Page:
|Other - LSU Faculty Candidate Seminar- Interdisciplinary Data Science and Biology Position|
|Statistical models on Phylogenetic Networks|
|Claudia Solis-Lemus, Department of Human Genetics at Emory University|
|Digital Media Center 1034
January 15, 2019 - 03:00 pm
Phylogenetic network inference plays an important role in the reconstruction of the tree of life, given the widespread gene flow among different organisms. However, there are many challenges in the inference of reticulate evolution such as network reconstruction and interpretation, and difficulties to summarize network uncertainty. In this talk, I will explain the current difficulties in network statistical inference and present a new scalable method based on pseudolikelihood theory. I will also present extensions of standard trait evolution tools to networks, such as phylogenetic regression or ANOVA, ancestral trait reconstruction, and Pagel's lambda test of phylogenetic signal. All the new tools are implemented in the open-source Julia package PhyloNetworks.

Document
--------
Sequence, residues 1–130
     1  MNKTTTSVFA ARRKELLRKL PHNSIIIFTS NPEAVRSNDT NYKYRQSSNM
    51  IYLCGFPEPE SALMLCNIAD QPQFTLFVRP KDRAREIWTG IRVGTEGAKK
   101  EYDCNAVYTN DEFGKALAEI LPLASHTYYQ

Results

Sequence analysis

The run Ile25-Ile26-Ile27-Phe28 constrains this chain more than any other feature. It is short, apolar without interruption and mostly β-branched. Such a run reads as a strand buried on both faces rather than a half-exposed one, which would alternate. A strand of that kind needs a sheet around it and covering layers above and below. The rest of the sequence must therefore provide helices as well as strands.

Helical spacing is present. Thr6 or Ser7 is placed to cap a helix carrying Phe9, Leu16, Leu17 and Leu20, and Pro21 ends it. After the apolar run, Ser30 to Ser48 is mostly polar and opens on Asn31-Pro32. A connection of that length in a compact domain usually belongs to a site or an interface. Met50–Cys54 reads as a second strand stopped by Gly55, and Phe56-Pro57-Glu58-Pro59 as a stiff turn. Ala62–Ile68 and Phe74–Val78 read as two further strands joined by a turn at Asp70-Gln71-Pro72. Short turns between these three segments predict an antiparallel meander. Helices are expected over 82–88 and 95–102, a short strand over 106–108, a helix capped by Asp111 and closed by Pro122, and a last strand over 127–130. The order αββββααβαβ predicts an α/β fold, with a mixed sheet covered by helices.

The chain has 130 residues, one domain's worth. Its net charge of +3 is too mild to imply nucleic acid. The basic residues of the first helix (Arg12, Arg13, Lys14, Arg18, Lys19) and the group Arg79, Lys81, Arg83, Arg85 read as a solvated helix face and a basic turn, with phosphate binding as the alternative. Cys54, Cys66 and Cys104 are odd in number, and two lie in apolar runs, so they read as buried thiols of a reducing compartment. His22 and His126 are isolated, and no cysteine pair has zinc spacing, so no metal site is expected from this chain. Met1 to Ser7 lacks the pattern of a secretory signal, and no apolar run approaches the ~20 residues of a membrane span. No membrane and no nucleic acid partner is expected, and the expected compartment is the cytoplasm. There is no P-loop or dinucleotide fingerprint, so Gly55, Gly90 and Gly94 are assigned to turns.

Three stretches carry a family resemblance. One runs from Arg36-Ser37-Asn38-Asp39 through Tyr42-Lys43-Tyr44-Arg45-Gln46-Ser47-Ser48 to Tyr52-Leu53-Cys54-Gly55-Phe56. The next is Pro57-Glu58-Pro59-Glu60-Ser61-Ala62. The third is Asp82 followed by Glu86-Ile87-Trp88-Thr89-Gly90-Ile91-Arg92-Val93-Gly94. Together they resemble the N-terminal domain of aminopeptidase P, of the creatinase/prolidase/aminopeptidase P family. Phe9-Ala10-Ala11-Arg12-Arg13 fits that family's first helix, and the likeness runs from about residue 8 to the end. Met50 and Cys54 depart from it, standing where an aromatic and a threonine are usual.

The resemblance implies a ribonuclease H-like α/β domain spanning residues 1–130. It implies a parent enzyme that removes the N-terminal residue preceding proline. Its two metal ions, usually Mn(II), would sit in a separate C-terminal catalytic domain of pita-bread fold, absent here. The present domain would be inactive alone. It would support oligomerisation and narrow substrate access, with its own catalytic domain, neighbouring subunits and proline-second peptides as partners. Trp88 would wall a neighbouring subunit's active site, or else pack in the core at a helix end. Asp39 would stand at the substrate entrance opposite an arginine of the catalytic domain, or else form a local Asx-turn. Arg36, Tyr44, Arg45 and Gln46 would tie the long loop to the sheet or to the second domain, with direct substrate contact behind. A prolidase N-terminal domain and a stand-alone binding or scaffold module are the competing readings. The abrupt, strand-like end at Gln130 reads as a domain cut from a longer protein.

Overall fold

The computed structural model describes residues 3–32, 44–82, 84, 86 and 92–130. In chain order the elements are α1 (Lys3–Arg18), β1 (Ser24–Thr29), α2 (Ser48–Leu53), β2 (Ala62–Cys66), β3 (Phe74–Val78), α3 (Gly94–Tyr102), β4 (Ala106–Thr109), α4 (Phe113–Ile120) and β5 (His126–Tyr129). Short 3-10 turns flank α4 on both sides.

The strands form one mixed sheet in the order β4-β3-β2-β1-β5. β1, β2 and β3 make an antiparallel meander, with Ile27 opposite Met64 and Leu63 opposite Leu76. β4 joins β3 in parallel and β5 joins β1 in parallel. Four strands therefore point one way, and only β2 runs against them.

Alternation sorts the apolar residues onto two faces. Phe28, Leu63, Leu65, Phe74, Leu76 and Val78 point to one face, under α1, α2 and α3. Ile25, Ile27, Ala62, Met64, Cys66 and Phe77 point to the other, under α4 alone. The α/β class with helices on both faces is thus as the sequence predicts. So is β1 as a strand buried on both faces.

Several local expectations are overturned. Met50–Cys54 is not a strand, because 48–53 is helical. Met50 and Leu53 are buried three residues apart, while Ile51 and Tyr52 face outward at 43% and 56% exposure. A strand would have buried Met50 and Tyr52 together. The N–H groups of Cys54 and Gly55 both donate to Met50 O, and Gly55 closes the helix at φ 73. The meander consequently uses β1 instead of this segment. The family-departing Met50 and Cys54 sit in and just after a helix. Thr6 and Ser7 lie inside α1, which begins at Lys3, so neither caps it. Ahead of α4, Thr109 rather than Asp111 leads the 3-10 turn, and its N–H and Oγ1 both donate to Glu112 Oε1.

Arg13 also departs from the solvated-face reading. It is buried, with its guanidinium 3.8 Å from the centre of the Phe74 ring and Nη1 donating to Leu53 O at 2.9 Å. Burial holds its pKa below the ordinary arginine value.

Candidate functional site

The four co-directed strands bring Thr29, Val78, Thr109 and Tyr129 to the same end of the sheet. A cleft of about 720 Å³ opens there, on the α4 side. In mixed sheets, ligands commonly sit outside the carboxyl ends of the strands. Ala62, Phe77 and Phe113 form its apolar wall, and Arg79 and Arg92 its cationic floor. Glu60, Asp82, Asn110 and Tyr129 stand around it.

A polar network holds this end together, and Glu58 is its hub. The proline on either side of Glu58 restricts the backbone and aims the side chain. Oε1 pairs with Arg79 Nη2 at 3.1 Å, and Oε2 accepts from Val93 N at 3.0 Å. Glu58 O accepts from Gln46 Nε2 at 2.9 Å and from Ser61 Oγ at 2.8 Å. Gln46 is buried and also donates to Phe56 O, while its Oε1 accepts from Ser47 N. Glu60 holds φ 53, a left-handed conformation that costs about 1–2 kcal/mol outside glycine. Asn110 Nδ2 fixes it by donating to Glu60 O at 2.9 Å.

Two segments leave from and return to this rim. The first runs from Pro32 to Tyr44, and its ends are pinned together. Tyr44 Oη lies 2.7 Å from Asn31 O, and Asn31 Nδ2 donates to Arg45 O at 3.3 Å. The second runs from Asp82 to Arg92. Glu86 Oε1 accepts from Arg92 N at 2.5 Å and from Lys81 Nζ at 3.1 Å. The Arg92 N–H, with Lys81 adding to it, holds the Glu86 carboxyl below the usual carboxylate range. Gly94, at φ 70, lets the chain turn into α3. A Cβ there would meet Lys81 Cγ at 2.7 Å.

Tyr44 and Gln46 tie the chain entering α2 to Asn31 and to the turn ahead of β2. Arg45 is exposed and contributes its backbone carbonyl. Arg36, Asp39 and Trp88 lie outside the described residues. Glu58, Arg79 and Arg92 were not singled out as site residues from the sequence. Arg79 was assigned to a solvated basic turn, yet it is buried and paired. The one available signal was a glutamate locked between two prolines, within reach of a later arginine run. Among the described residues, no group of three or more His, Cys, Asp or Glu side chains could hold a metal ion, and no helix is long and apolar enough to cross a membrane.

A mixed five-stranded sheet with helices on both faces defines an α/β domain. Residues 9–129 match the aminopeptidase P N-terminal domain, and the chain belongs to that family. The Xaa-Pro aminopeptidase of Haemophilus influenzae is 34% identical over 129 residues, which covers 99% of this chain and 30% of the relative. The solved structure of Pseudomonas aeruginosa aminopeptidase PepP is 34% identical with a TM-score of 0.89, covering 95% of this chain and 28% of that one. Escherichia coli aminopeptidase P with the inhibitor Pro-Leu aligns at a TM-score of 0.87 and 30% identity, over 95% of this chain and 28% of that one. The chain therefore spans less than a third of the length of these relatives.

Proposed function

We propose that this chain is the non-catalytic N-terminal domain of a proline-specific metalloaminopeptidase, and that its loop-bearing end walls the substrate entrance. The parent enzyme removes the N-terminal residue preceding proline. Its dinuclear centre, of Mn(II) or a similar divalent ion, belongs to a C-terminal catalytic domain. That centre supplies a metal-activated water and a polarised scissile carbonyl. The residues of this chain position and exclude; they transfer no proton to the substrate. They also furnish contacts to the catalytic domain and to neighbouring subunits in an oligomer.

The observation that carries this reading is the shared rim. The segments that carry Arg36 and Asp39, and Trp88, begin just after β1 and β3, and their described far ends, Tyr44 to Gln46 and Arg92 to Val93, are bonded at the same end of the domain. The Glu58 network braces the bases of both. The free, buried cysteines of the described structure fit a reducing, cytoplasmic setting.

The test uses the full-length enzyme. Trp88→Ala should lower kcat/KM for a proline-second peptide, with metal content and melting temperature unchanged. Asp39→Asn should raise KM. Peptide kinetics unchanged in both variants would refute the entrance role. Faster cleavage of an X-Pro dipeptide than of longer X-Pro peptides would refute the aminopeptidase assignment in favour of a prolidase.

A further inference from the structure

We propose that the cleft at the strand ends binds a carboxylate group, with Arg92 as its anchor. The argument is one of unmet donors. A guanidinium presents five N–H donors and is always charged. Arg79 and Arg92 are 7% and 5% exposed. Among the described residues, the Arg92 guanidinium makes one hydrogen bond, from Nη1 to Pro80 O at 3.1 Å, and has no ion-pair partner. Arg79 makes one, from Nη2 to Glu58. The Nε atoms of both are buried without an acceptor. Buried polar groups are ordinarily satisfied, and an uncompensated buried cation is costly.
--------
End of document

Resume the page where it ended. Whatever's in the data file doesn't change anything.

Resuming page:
I am a postdoc at the Department of Human Genetics at Emory University working with professor Michael Epstein on Genome-Wide Association Studies. Last year, I was a postdoc in UW-Madison working with professor Bret Larget on statistical computing methods for Bayesian phylogenetics. I did my PhD in Statistics at the University of Wisconsin-Madison with professor Cécile Ané in the inference of phylogenetic networks to represent the tree of life expanded by extra hybridization edges. I obtained my Master’s degree in Mathematics at the University of Wisconsin-Madison with emphasis on probability theory. I am originally from Mexico City where I did my Undergraduate degrees in Actuarial Sciences and Applied Mathematics at ITAM.
|This lecture has refreshments @ 02:00 pm|